In the 1890s, however, partly resulting from the influence of Engels and of Marx’s daughter Eleanor, Morris came round to the need for a mass labour party which would use election propaganda as a means of making socialists. In contrast, for Gramsci when he began his activity there already was a mass Socialist Party to participate in. Although he sympathised from the outset with the October Revolution in Russia, and became a leader of the Italian Communist Party, he was far from dogmatic adherence to Marxism. Indeed, in December 1917 he described the Bolshevik revolution as ‘a revolution against Karl Marx’s Capital’; rather, the Bolsheviks were acting in the spirit of Marx but against the Marxist schema of the need for a period of bourgeois rule before the possibility of a socialist transition.

Gramsci’s use of political concepts is inconsistent and sometimes contradictory, and this has generated confusion in the secondary literature. While he uses the concept of ‘hegemony’ in different ways, it is still clear that he draws a distinction between two ways in which ruling classes perpetuate their rule: by coercion and violence, but also to a much greater extent by ideological hegemony, that is, by persuading the majority of the people that the existing system is the most beneficial system for them (e.g., Selections from the Prison Notebooks, London, 1971, p. 12). Gramsci stands out from earlier Marxists in his emphasis on the need to challenge this ideological hegemony.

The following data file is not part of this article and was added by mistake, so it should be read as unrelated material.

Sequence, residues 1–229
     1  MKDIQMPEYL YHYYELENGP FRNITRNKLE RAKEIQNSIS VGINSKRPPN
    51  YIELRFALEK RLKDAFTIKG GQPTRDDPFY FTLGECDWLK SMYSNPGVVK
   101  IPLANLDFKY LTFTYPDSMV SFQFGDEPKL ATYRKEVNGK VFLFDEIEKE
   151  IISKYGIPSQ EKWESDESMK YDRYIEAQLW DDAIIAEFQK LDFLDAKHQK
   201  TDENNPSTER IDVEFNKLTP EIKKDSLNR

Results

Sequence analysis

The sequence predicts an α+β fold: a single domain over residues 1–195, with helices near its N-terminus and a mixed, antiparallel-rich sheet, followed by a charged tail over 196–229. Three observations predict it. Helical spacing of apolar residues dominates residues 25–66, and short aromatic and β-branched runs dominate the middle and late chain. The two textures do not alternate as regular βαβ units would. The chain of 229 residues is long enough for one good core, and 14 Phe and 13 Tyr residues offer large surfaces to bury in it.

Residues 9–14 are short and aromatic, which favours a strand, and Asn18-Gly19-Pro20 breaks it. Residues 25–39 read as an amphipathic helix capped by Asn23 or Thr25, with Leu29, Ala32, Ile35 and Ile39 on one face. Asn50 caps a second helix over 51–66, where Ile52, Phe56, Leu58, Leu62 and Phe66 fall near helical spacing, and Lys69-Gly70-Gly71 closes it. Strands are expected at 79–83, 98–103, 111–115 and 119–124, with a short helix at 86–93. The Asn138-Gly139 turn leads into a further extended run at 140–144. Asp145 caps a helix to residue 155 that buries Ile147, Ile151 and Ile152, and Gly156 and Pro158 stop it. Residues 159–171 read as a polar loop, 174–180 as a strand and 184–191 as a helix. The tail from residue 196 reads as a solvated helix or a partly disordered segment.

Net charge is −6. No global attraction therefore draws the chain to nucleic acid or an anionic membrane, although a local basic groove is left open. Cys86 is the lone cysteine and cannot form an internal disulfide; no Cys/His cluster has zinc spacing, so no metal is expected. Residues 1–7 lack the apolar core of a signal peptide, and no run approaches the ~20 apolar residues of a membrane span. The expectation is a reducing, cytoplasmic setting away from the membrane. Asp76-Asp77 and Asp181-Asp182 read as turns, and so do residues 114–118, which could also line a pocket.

Gramsci wrote that every emerging class, including implicitly the working class, and its party, needed to create a group of ‘organic’ intellectuals who would promote (implicitly) socialist ideology, acting as ‘permanent persuaders’ (ibid., p. 10). He insisted that the parties which would include these intellectuals ‘should be formed by individual memberships and not on the pattern of the British Labour Party’ (ibid., p. 335). It is no coincidence that the first attempt of the Labour Party to choose its leader on the basis of the individual members and not with the dominance of the parliamentary party and the trade union bloc votes should have led to the election of Corbyn.